There were two phases to the development of Lockheed’s facility at Helendale, the first beginning in 1982, at a cost of $15-20 million. This first phase, becoming operational in October of 1983, was a relatively modest installation with target locations downrange 2,500′ and 5,000′ from the operations complex and antenna array. The overall length at the time was 5,500′.
The expansion of the Helendale facility to what it is today, or “HELEX, Phase 2”, as it was known, began in early 1985 and was completed by the end of that year. The project was also known as the Area 20 range extension. This expansion lengthened the range to 8,200′, added a new target position and built the massive concrete structure at the end of the range known as the “Upper Chamber”. The plans were prepared in late 1984 by the H.K. Ferguson Company of San Francisco, a subsidiary of Morrison-Knudsen.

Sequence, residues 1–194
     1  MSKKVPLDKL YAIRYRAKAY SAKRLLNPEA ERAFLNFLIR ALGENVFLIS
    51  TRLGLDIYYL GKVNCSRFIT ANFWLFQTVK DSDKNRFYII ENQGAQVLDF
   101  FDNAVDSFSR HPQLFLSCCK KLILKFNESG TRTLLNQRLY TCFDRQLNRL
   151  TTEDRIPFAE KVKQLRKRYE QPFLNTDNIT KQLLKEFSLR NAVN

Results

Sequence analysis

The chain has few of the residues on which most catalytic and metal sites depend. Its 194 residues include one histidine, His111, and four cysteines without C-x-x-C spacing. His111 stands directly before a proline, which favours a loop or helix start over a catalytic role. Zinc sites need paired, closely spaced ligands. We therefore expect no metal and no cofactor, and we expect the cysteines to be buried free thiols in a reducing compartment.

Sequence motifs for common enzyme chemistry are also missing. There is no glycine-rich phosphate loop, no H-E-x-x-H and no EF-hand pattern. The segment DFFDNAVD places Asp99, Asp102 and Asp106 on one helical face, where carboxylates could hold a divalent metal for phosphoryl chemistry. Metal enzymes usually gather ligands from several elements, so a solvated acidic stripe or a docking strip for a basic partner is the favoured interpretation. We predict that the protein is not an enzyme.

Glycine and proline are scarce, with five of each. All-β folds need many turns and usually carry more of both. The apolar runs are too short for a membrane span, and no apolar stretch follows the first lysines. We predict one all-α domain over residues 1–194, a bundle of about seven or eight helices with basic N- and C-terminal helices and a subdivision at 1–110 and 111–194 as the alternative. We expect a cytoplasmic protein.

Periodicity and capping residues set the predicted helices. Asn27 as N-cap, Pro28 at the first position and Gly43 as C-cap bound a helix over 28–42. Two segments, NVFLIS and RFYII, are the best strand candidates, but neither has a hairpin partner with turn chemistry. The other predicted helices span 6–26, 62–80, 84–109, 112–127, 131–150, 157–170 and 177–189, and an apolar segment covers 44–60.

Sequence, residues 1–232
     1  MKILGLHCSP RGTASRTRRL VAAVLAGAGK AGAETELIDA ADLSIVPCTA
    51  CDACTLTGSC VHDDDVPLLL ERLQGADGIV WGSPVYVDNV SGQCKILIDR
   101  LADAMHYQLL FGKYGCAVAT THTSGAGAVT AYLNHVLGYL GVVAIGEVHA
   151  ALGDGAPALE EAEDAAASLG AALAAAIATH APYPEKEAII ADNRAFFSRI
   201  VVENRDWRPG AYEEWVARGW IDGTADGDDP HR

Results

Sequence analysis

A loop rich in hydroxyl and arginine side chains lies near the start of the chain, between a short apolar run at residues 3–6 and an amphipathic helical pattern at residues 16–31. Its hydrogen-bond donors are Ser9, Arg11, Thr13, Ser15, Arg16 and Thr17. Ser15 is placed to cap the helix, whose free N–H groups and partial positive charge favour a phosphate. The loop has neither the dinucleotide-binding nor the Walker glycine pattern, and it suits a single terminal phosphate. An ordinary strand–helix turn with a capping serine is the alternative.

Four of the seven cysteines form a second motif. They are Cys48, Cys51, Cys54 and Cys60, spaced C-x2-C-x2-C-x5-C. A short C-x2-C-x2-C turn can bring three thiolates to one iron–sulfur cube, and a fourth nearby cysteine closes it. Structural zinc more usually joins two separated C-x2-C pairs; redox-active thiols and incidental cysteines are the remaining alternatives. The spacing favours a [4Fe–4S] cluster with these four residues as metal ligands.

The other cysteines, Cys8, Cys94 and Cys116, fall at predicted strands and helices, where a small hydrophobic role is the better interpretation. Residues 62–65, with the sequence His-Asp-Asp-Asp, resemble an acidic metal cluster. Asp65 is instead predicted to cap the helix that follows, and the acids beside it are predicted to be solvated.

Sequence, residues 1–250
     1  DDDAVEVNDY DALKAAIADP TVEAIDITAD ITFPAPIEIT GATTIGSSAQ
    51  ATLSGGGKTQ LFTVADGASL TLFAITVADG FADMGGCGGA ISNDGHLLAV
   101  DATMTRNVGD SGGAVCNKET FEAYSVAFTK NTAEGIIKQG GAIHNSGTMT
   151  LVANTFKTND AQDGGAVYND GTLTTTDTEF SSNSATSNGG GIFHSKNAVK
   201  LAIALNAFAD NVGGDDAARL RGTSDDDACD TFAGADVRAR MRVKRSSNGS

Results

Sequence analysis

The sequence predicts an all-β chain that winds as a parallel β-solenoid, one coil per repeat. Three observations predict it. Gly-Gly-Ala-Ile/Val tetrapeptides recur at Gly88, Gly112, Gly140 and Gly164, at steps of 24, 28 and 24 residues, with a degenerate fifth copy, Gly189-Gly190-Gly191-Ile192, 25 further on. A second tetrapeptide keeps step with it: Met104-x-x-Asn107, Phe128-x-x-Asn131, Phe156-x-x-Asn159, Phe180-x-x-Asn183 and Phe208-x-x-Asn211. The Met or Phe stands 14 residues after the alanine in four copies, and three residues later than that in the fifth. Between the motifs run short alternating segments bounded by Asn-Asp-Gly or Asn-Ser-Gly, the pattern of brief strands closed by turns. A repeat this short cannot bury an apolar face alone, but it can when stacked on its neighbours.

The orientation of this 8,200′ long facility is north-south, with the centerline only a few hundred feet east of the east edge of the old Helendale airport . One of the three paved runways (4/22, 4,600′ long) of the old airstrip is still maintained and operational, and has lighting for night operations.
At first glance, that fact that it is only a single range with just three target positions, might make one think this is a relatively simple installation. Quite the contrary is true. This is truly a remarkable facility with superbly clever engineering. We’ll start our “tour” of the facility at the south end with the operations center, and proceed downrange (northward) from there.
The Operations Complex is the large cluster of buildings at the very south border of the property. Located here are the office and administrative areas, control rooms, data measurement facilities, hangars for model storage and maintenance (totaling 75,000 square feet), and a 150,000 gallon emergency water reservoir.